Singapore Table of Contents
Singapore Malay family, nineteenth century
Courtesy Library of Congress
School for Singapore Chinese girls, nineteenth century
Courtesy Library of Congress
Singapore Indian family, nineteenth century
Courtesy Library of Congress
After years of campaigning by a small minority of the British merchants, who had chafed under the rule of the Calcutta government, the Straits Settlements became a crown colony on April 1, 1867. Under the crown colony administration, the governor ruled with the assistance of executive and legislative councils. The Executive Council included the governor, the senior military official in the Straits Settlements, and six other senior officials. The Legislative Council included the members of the Executive Council, the chief justice, and four nonofficial members nominated by the governor. The numbers of nonofficial members and Asian council members gradually increased through the years. Singapore dominated the Legislative Council, to the annoyance of Malacca and Penang.
By the 1870s, Singapore businessmen had considerable interest in the rubber, tin, gambier, and other products and resources of the Malay Peninsula. Conditions in the peninsula were highly unstable, however, marked by fighting between immigrants and traditional Malay authorities and rivalry among various Chinese secret societies. Singapore served as an entrepôt for the resources of the Malay Peninsula and, at the same time, the port of debarkation for thousands of immigrant Chinese, Indians, Indonesians, and Malays bound for the tin mines and rubber plantations to the north. Some 250,000 Chinese alone disembarked in Singapore in 1912, most of them on their way to the Malay states or to the Dutch East Indies.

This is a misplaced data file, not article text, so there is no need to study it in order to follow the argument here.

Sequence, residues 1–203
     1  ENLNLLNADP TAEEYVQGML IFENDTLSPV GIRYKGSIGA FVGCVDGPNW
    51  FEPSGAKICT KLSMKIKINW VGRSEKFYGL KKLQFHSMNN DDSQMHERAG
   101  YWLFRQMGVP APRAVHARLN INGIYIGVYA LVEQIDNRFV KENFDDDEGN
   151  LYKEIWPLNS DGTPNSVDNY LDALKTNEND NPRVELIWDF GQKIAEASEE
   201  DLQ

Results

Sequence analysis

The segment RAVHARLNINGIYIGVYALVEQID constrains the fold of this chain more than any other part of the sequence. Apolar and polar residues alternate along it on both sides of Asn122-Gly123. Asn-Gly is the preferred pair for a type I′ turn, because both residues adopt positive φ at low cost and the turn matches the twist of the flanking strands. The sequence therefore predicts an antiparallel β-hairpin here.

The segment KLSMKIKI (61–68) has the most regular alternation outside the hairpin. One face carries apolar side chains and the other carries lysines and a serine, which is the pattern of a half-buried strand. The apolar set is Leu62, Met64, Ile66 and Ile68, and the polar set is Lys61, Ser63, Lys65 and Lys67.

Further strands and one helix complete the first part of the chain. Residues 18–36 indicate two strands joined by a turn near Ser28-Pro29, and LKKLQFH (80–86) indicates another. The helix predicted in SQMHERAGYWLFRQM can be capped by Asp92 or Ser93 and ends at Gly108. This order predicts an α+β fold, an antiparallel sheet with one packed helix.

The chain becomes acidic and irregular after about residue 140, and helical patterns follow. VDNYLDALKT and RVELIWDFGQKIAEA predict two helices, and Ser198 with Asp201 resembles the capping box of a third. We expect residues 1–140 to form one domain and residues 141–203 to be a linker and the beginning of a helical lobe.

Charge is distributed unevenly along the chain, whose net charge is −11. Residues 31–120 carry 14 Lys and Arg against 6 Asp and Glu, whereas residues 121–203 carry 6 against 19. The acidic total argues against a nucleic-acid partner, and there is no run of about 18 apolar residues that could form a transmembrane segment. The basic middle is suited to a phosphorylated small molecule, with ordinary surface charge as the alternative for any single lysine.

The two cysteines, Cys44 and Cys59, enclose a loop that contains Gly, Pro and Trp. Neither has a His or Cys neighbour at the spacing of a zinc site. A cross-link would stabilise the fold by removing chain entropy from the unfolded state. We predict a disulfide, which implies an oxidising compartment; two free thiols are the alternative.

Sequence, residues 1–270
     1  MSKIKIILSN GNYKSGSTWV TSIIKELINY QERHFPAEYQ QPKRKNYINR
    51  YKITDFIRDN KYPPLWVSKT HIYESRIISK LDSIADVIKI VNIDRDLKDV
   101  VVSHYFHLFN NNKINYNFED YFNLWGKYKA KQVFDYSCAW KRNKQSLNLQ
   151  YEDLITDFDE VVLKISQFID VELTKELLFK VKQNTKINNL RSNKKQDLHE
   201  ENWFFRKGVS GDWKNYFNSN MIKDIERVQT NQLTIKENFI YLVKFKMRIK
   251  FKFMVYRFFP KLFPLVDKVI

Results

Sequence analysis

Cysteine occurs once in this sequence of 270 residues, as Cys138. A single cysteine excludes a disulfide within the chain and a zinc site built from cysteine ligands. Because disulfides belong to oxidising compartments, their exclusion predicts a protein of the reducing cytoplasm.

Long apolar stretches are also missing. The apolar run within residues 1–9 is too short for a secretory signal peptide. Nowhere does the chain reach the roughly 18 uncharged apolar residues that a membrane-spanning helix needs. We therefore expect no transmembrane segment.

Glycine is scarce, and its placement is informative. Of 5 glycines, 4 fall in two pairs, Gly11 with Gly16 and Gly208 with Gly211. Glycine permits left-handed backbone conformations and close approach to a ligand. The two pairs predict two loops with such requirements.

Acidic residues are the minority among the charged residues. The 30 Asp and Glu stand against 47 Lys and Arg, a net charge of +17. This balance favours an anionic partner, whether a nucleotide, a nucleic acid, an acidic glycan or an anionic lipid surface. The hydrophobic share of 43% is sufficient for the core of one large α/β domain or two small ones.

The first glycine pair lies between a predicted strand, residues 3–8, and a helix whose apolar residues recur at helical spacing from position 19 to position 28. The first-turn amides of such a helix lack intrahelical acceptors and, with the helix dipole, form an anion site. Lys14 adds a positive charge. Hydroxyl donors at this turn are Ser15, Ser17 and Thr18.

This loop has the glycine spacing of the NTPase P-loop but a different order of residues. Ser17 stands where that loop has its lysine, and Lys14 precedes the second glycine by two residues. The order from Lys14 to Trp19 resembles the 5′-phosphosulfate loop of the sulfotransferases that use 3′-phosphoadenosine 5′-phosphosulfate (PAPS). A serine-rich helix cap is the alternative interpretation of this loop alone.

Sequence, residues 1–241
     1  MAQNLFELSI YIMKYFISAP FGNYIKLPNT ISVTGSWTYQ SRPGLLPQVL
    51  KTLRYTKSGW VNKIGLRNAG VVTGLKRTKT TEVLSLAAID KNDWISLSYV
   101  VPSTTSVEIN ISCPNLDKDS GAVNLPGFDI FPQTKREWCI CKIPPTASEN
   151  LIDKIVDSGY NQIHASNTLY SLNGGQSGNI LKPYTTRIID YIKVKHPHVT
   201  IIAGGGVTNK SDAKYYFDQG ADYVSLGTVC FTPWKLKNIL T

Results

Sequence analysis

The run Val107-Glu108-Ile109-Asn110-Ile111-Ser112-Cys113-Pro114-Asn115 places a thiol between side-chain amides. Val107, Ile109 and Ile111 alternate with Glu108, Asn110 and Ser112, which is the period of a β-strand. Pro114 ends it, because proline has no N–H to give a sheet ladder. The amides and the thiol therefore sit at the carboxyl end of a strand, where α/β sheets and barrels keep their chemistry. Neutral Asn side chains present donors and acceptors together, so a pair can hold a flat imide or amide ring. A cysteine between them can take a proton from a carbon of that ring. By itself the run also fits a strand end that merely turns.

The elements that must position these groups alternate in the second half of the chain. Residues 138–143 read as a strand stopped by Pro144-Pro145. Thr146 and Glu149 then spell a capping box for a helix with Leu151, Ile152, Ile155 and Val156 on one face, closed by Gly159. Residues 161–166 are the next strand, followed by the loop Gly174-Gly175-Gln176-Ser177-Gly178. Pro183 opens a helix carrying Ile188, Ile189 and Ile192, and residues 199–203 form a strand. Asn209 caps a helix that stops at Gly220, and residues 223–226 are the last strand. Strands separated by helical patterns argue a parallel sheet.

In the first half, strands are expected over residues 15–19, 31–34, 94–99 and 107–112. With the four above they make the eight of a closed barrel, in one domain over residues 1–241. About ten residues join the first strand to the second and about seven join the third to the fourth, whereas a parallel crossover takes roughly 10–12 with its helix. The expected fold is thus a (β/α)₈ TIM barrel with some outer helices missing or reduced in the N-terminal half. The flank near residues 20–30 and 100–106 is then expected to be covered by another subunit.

Although most Chinese immigrants merely passed through Singapore, the Chinese population of the island grew rapidly, from 34,000 in 1878 to 103,000 in 1888. The colonial government established the Chinese Protectorate in 1877 to deal with the serious abuses of the labor trade. William Pickering, the first appointed Protector of Chinese, was the first British official in Singapore who could speak and read Chinese. Pickering was given power to board incoming ships and did much to protect the newly arrived immigrants. In the early 1880s, he also extended his protection to Chinese women entering the colony by working to end forced prostitution. Because of his sympathetic approach and administrative ability, the protector soon spread his influence and protection over the whole Chinese community, providing arbitration of labor, financial, and domestic disagreements, thereby undermining some of the powers of the secret societies. Although no longer able to engage in illegal immigration practices, the societies continued to cause problems by running illegal gambling houses and supporting large-scale riots that often paralyzed the city. In 1889, Governor Sir Cecil Clementi-Smith sponsored a law to ban secret societies, which took effect the following year. The result was to drive the societies underground, where many of them degenerated into general lawlessness, engaging in extortion, gambling operations, gang fights, and robbery. The power of the secret societies, however, was broken.